- Understand how much you can give and then no more. Imagine boundaries like a fence. You are able to give this much of you land, and then the rest is yours to keep for YOU. And then no more. And then no more.
- The boundary fence does not move. You maintain the boundary by sticking with it and repeating it like a broken record if you have to. People will push your boundaries. It’s natural for humans to want what they want and will ask again and again, sometimes in different ways, in order to get that. It’s up to you to stick your ground and repeat your boundary. Again.
- Boundaries aren’t what others do or keep, it’s what you do to maintain them. This includes conversations defining clearly what your boundaries are. This includes actions that instill boundaries (I had to literally lock my room because a roommate kept going in to borrow my shoes after we talked about my boundaries of her not doing so). Sometimes it requires you to leave if you see that your boundaries are repeatedly not being respected.
- If your boundaries were crossed before. It is never too late to establish them now. Had sex sooner than you wanted with this person, but you now want to take it slower? It’s ok to say so. And that boundary needs to be respected.
- Self-care. It’s much easier to maintain boundaries when you are not hungry, tired, stressed, or sick. Check in with yourself. What do you need to do to take care of you and your mental, emotional, physical health before having a conversation with someone about your boundaries?
- Feelings of anger, resentment, guilt, anxiety, blaming or victimizing yourself come up for you. Instead of seeing these feelings as something that is negative, see them as tools you can use. These feelings often arise because your boundaries have already been crossed. You have given (or has been taken) more than you are comfortable with. It’s ok to go back and reestablish the boundary (or leave the relationship entirely). Over time of practice you will start to feel more empowered by setting the boundary than you will anxious.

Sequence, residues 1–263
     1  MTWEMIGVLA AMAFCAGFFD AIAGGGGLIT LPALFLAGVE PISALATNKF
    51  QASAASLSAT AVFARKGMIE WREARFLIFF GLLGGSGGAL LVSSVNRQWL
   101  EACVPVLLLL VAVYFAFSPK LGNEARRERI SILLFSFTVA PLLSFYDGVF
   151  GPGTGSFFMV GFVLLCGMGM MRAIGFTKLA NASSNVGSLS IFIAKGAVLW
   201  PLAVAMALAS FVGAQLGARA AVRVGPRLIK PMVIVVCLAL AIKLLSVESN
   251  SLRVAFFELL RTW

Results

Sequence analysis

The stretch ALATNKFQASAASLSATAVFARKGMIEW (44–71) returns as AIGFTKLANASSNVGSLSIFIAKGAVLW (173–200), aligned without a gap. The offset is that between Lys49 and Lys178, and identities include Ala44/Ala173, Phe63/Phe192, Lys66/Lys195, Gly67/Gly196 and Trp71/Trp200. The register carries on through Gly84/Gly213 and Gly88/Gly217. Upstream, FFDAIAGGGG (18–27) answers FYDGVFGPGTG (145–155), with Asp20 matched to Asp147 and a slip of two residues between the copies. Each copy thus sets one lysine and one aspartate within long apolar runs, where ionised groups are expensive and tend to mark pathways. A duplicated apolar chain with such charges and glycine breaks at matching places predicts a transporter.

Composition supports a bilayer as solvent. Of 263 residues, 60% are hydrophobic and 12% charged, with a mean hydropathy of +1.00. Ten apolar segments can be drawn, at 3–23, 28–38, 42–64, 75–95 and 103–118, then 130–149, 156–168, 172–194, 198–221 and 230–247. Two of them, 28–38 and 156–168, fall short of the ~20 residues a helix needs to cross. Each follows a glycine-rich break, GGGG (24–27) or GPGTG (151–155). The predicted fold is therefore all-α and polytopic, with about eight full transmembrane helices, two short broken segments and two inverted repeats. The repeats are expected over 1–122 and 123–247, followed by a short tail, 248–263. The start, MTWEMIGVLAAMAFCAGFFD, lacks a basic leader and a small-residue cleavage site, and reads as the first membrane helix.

- Boundaries are self-love. They protect you. Boundaries are not selfish. They show that you know and respect yourself. Make yourself a priority.
- Validate the other person’s feelings with the request and follow up with your boundary. That way they hear that you see/hear where they are coming from and may be more receptive to what you are setting.
- Strong and relaxed body posture. Sitting up, chest and heart open, head up, soft and direct eye contact, clear tone of voice, relaxed muscles. It’s easier to set boundaries when we have an assertive, yet relaxed stance. It’s also received by others as more firm and less easily to sway. Take a deep breath. Speak your mind.
- What your boundaries are may not be the same as another person’s boundaries. Don’t try to mind read. Instead, ask for clarification. Better yet, speaking your boundaries take the guessing game out for others, as well. They don’t have to wonder and they know clearly where the line is.